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Posts: 3
Reply with quote  #1 
Hello all

I just purchased the Quick n' Easy Heirloom Rocking Horse plans, I noticed in the plans everything is 3/4" thick or 1-1/2" inch thick. I'm curious what people have used for lumber on this? I prefer the wood look over the painted look, so I'm thinking MDF is out. I was looking at laminated pine shelving we have, which means I would need to glue up 2 pieces of 3/4" material to make parts 3,5,6,7. Looking for some advice [smile]

Also if anyone has made one of these before and advice? I'm guessing once we glue up the parts we need to finish sand so that they match up properly [smile] any tips on that?

Thanks Mrbobisto
cynthia lewman

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Posts: 436
Reply with quote  #2 
Hi mrbobisto,

You ask a great question!

The body core for the Heirloom Rocking Horse can be made from 3/4" x 2' x 4' panels of premium plywood found at Home Depot and Lowe's if you live in the USA. If you don't know where to find premium plywood in the stores, go to the customer service desk. They can help you find the panels in the store. The rocker rails, the legs and the cross members are made from common 2" x 8" white wood framing lumber. We've found the 2' x 4' premium plywood makes a beautiful toy and the panels are inexpensive and easy to use. 

You can use a scroll saw or a saber saw and a hand drill to build the rocking horse. When you glue the parts together spread a thin layer of glue on both surfaces that will be glued together. You can scrim the glue on the parts using a wide blade putty knife. When you press the two surfaces to be glued together slide them around slightly to get good adhesion. Clamp the two pieces leaving the clamps on until the glue is dry. Wipe off any glue that seeps out between the parts while the glue is still wet. If you plan on painting the rocking horse you'll want to mask the wood surfaces that will be receiving glue. You won't get a good strong joint if you glue painted surfaces together.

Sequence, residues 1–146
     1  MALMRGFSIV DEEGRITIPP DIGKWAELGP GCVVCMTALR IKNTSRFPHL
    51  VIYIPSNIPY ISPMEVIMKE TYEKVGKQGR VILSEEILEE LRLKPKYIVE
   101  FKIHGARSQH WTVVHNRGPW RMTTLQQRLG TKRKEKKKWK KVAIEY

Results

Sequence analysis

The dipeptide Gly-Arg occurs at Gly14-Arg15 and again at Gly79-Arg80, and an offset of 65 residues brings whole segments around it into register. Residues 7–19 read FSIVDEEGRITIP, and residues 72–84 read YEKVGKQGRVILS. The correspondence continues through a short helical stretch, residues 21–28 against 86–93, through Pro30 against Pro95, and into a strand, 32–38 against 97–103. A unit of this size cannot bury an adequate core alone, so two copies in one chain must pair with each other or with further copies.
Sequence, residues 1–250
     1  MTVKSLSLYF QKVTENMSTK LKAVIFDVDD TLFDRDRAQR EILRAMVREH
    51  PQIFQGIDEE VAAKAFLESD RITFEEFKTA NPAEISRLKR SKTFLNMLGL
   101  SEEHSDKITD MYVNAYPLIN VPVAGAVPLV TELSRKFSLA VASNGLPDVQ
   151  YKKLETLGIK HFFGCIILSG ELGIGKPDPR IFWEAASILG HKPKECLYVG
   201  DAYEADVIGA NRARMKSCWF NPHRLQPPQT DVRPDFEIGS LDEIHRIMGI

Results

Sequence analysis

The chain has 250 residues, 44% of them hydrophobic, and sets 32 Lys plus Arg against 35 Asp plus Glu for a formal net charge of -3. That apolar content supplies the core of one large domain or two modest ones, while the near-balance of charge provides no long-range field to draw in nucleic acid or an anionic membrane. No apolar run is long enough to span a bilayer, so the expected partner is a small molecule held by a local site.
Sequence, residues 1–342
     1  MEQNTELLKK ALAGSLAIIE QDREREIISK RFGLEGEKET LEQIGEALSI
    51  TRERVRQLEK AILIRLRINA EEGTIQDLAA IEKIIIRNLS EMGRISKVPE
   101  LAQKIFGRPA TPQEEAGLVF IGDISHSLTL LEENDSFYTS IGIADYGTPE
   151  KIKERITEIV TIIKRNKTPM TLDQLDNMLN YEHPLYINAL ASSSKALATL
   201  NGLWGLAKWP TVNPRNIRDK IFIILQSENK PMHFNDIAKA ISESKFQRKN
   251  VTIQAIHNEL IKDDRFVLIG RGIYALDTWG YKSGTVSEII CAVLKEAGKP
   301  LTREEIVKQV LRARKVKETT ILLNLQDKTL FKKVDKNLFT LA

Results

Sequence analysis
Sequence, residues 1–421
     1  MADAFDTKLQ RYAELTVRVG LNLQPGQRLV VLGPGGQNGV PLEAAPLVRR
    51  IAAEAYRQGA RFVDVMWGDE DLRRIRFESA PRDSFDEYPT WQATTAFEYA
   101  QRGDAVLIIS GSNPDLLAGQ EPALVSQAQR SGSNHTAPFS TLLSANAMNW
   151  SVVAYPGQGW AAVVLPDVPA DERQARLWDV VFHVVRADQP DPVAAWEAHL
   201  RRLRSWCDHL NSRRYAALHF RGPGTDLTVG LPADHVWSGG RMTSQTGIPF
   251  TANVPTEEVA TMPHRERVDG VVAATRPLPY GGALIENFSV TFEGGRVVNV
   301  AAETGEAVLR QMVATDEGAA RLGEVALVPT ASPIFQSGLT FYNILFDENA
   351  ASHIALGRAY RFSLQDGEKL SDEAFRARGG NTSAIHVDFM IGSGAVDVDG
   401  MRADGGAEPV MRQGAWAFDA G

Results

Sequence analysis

If you cut out the parts closely you shouldn't have to sand much. For example, cut out one leg and then use that leg as a template for cutting out the second leg. In the areas where you'll want to sand we recommend a drum sander attached to a drill press.

We'd love to see photos of your Rocking Horse posted on the forum! We'd love to see both your build photos and final photos plus any tips or questions you may have. 



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Reply with quote  #3 
mrbobisto - Great reply Cynthia. Using 2x lumber is a great solution and the only concern is which type of 2x lumber you purchase. Common framing lumber which could be spruce/pine/fir, may exhibit knots and pitch pockets and as you pay more for clear pine these problems are not existent. Plywood is a great solution also. The only thing to watch out for is, is the plywood actually 3/4" or is it 19mm which is a little less in thickness. A concern when cabinet making but not for this project.
You mentioned using laminated shelving lumber, check to see if this lumber is a true 3/4" or 19mm. It is great lumber to use and the laminated pieces are very strong joints. If using 19mm lumber, your only concerns will be where dowel holes are required in mounting the legs to the rocking bottom braces.
As a side note take a look a Forum post titled "Wood Sizes around the Globe" which discusses lumber widths.

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